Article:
© 2018 by the Rights and Resources Initiative (RRI), a global coalition of 15 Partners, 7 Affiliated Networks, 14 International Fellows, and more than 150 collaborating international, regional, and community organizations dedicated to advancing the forestland and resource rights of Indigenous Peoples and local communities. The views presented on this site are not necessarily shared by the agencies that have generously supported this work, nor by all the Partners and Affiliated Networks of the Coalition. This work is licensed under a Creative Commons Attribution License CC BY 4.0. View our privacy policy,

 

© 2018 por la Iniciativa para los derechos y recursos (Rights and Resources Initiative, o RRI por sus siglas en inglés). RRI es una coalición mundial de 15 socios principales, 7 redes afiliadas, 14 miembros internacionales y más de 150 organizaciones colaboradoras a nivel internacional, regional y comunitario, que se dedica a
fomentar los derechos de los pueblos indígenas y las comunidades locales sobre la tierra y los recursos forestales. Los puntos de vista presentados aquí no necesariamente los comparten los organismos que generosamente patrocinaron el presente trabajo o todos los socios y redes afiliadas de la coalición RRI. Este trabajo es bajo Creative Commons License Atribución Creativa CC BY 4.0.

Kenya

Report Findings

In Kenya, the mandate of the Special Rapporteur has long-standing concerns over the situation of several Indigenous Peoples, including the Sengwer, Ogiek, and Maasai, in particular in relation to conservation and climate change projects. In the past two years, there has been an escalation of violence in the Embobut forest where the Kenya Forest Service has repeatedly evicted and burned Sengwer homes as well as arrested community members.  These acts have taken place despite the fact that the Sengwer are in litigation challenging the evictions and an injunction was issued preventing such evictions in the interim. Several Sengwer have been shot by the Kenya Forest Service, including one herder who was killed in January 2018. The European Commission funded a climate change project in the area, with the Kenya Forest Services among the recipients of funding. The Special Rapporteur on the rights of Indigenous Peoples made a public call for the project to ensure respect for human rights, and the European Commission decided to suspend the climate change project pending an assessment of its human rights compliance.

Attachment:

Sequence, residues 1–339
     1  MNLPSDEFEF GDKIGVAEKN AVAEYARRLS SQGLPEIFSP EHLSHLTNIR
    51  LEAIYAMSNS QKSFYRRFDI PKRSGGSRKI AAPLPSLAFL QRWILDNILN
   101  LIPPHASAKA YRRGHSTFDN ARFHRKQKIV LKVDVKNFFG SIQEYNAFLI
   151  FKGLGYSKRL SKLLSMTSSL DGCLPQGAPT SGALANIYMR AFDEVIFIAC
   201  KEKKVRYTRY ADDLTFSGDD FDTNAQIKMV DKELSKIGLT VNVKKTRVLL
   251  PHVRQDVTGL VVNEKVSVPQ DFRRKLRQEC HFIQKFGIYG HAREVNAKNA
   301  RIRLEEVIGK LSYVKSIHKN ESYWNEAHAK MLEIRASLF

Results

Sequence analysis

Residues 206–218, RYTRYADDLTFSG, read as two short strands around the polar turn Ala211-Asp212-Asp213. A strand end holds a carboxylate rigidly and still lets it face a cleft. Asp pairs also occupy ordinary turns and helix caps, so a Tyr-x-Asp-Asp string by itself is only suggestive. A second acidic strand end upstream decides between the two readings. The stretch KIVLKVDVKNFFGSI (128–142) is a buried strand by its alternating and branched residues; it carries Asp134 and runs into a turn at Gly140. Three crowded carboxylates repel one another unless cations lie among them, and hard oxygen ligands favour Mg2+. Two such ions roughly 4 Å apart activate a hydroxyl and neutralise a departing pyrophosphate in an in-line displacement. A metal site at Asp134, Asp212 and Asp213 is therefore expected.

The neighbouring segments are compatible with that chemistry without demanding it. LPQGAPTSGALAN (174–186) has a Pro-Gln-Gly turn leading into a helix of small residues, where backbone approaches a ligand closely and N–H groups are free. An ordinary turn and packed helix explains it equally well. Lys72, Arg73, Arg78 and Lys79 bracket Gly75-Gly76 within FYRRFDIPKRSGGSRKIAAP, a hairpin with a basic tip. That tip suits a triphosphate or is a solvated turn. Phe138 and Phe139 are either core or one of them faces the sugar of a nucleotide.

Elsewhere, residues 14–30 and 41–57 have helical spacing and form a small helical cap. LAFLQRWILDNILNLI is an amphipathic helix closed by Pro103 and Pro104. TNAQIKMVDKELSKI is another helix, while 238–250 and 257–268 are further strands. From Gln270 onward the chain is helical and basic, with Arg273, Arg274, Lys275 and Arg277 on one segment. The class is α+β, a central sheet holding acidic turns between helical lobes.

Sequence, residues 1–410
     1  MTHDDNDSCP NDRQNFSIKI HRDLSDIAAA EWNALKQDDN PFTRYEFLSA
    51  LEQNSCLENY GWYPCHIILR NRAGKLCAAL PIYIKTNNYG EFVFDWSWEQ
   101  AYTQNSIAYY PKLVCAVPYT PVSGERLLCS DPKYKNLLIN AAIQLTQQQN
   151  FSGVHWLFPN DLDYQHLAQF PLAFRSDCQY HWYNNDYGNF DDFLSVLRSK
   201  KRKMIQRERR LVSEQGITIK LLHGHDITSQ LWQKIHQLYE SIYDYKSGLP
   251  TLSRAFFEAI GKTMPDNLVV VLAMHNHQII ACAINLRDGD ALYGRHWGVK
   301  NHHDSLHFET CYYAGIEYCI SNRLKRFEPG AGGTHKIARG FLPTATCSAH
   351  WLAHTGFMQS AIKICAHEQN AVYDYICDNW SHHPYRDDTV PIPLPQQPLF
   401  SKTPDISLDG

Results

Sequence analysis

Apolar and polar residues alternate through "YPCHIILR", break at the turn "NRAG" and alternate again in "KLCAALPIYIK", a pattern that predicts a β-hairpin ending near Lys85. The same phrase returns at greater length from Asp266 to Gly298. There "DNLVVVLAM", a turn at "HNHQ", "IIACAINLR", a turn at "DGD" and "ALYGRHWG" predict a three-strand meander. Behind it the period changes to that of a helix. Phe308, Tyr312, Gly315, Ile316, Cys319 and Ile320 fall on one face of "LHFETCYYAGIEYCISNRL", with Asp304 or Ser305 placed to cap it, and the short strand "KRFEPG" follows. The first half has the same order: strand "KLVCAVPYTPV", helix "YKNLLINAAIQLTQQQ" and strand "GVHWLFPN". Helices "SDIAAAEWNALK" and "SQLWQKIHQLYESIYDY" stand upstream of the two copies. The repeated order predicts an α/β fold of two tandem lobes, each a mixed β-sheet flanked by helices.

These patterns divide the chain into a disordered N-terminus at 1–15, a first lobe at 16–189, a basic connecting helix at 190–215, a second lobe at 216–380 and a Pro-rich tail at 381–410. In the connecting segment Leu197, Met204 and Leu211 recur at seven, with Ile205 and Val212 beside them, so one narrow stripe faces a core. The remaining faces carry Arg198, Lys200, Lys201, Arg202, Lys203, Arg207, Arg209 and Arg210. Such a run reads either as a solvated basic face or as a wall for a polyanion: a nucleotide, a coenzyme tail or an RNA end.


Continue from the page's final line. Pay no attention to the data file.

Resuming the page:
The landmark judgement in favor of the Ogiek peoples in Kenya by the African Court on Human and Peoples Rights issued in May 2017 affirms the Ogieks’ collective rights to the Mau Forest and sends a strong signal in the region that indigenous land rights are to be protected and forced evictions halted.